We have a for-profit single-stream waste recycling facility near Charlottesville, Virginia ( that has been up and running for the past 2 years. It's a big hit with builders because it actually costs less than sending waste to the landfill, the builders get credit for recycling and they don't have to do anything differently...they can still just put everything in the dumpster. The facility uses a $10 million sorting machine and ~15 people to sort the waste. They reportedly get about a 90% recycling rate. I hear the remaining 10% goes to a combined heat + power (CHP) plant in Harrisonburg, VA that produces steam for James Madison University's chillers and electricity for the Harrisonburg municipal electric utility.

    The service recently started accepting household waste, and will hopefully put our landfills out of business in the next few years.

  2. Peter Yost | | #2

    Single-stream C&D recycling
    Very interesting--thanks for sharing this info.

    Back in 1991 when I was working on my Master's thesis on this topic, the rule of thumb in the waste industry was that commingled or single-stream recycling of C&D waste was not economically feasible unless tipping fees for disposal were at least $50 per ton. And lo and behold, tipping fees at Vanderlinde are $49 per ton for C&D materials.

    Certainly takes a lot of pressure off of jobsites if someone else, someplace else, separates out the "wheat from the chaff."

  3. J99aAMQzYo | | #3

    Commercial LEED Providers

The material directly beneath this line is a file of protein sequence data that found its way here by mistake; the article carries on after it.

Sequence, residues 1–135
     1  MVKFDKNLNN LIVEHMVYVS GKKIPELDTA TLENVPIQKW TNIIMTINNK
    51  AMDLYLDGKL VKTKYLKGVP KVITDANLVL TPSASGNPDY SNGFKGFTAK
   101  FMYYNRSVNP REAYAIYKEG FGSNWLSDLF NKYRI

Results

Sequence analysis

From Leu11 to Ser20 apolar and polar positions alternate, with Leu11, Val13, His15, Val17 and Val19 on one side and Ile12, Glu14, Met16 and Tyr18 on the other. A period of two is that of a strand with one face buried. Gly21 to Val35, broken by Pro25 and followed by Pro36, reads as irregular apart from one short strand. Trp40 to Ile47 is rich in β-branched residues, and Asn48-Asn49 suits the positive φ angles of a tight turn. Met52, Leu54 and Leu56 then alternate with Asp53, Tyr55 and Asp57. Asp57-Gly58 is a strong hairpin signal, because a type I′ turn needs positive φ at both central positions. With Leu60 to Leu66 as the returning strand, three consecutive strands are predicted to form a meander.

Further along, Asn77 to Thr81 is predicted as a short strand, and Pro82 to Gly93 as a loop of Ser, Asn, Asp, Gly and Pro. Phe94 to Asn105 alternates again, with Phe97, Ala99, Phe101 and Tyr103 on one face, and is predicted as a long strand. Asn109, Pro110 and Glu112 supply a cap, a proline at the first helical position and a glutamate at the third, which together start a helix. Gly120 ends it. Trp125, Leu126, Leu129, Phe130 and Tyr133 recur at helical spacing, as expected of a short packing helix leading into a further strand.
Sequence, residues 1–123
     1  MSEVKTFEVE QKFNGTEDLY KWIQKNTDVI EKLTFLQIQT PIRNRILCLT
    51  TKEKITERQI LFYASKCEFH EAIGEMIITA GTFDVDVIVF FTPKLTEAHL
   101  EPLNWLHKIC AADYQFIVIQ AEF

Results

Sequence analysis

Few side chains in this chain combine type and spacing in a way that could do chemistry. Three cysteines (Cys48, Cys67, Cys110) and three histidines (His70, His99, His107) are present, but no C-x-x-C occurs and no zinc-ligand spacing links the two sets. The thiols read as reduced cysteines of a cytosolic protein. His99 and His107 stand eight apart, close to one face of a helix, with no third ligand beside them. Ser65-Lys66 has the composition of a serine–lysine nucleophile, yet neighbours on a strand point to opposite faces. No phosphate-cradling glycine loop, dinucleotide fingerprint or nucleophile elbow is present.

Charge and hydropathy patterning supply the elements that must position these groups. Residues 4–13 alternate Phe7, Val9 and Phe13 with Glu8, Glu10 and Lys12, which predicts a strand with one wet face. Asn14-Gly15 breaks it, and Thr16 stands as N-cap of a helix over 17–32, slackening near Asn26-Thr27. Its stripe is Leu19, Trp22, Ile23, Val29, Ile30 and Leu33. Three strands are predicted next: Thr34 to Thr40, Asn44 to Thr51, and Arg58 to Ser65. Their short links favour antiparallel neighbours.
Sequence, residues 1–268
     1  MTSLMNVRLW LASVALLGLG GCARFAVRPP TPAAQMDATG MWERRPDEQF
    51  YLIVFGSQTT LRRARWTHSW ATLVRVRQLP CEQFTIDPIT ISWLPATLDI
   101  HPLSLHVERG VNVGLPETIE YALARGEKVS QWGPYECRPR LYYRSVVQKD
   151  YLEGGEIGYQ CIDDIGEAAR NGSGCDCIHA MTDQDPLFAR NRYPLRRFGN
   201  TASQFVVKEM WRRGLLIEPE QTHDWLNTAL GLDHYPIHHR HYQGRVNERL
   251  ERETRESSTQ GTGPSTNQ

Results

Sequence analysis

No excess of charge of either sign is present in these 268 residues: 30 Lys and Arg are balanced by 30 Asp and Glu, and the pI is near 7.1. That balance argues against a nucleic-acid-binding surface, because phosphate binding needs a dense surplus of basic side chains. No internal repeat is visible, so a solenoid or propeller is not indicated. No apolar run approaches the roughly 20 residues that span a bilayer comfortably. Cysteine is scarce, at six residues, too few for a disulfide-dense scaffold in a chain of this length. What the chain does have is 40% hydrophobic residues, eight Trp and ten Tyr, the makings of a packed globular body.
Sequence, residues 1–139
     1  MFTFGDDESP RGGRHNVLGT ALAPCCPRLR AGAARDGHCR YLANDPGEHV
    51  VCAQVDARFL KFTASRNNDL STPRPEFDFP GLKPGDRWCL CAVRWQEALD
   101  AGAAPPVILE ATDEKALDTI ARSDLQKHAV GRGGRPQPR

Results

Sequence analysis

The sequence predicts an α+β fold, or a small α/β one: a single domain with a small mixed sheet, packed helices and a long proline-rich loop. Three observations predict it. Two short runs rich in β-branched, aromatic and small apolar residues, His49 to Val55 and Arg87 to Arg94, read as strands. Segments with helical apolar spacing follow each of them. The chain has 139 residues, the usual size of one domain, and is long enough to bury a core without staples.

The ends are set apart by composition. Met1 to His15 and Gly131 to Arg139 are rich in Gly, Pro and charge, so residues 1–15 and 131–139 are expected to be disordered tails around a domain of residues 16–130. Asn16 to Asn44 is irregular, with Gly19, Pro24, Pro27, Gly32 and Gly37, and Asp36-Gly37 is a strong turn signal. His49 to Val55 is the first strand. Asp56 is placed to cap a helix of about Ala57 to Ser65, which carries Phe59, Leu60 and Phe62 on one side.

If you're fortunate enough to live in a larger metro area where commercial LEED projects are fairly common, then you are almost assured of having a for-profit, commingled provider exactly as John describes. Basically, if the C&D haulers wanted to continue to play in that commercial arena, they have had to move to this model or get passed over for the bigger contracts. However, just because they changed / developed their model for the commercial sector, most of them are very willing to work with residential contractors too since they're happy to have any business they can get these days. So, leverage that to your advantage.

    If you don't have one of those services in your market, there may be another option. Before we had such a service, I negotiated a deal with our hauler where they would either give us two 15 yard containers for the cost of a single 30 or they would give us two 20 yard units for the same cost as a single 40. With business being tight and lots of empty containers sitting in their yards, this wasn't a very hard deal to get them to accept.

    With the two smaller boxes the foot print on the job site was the same so we didn't need any extra space and our cost was also the same for budgets and bidding. However, we would clearly mark one with a banner (from the local sign shop) which designated it as the "paper, plastics & metal" unit. (This had an added PR benefit for the neighbors and passers-by of our sites). The trades were instructed to toss their trash accordingly, and if they didn't, they got to go dumpster diving! That usually only had to happen once before they got on board :-)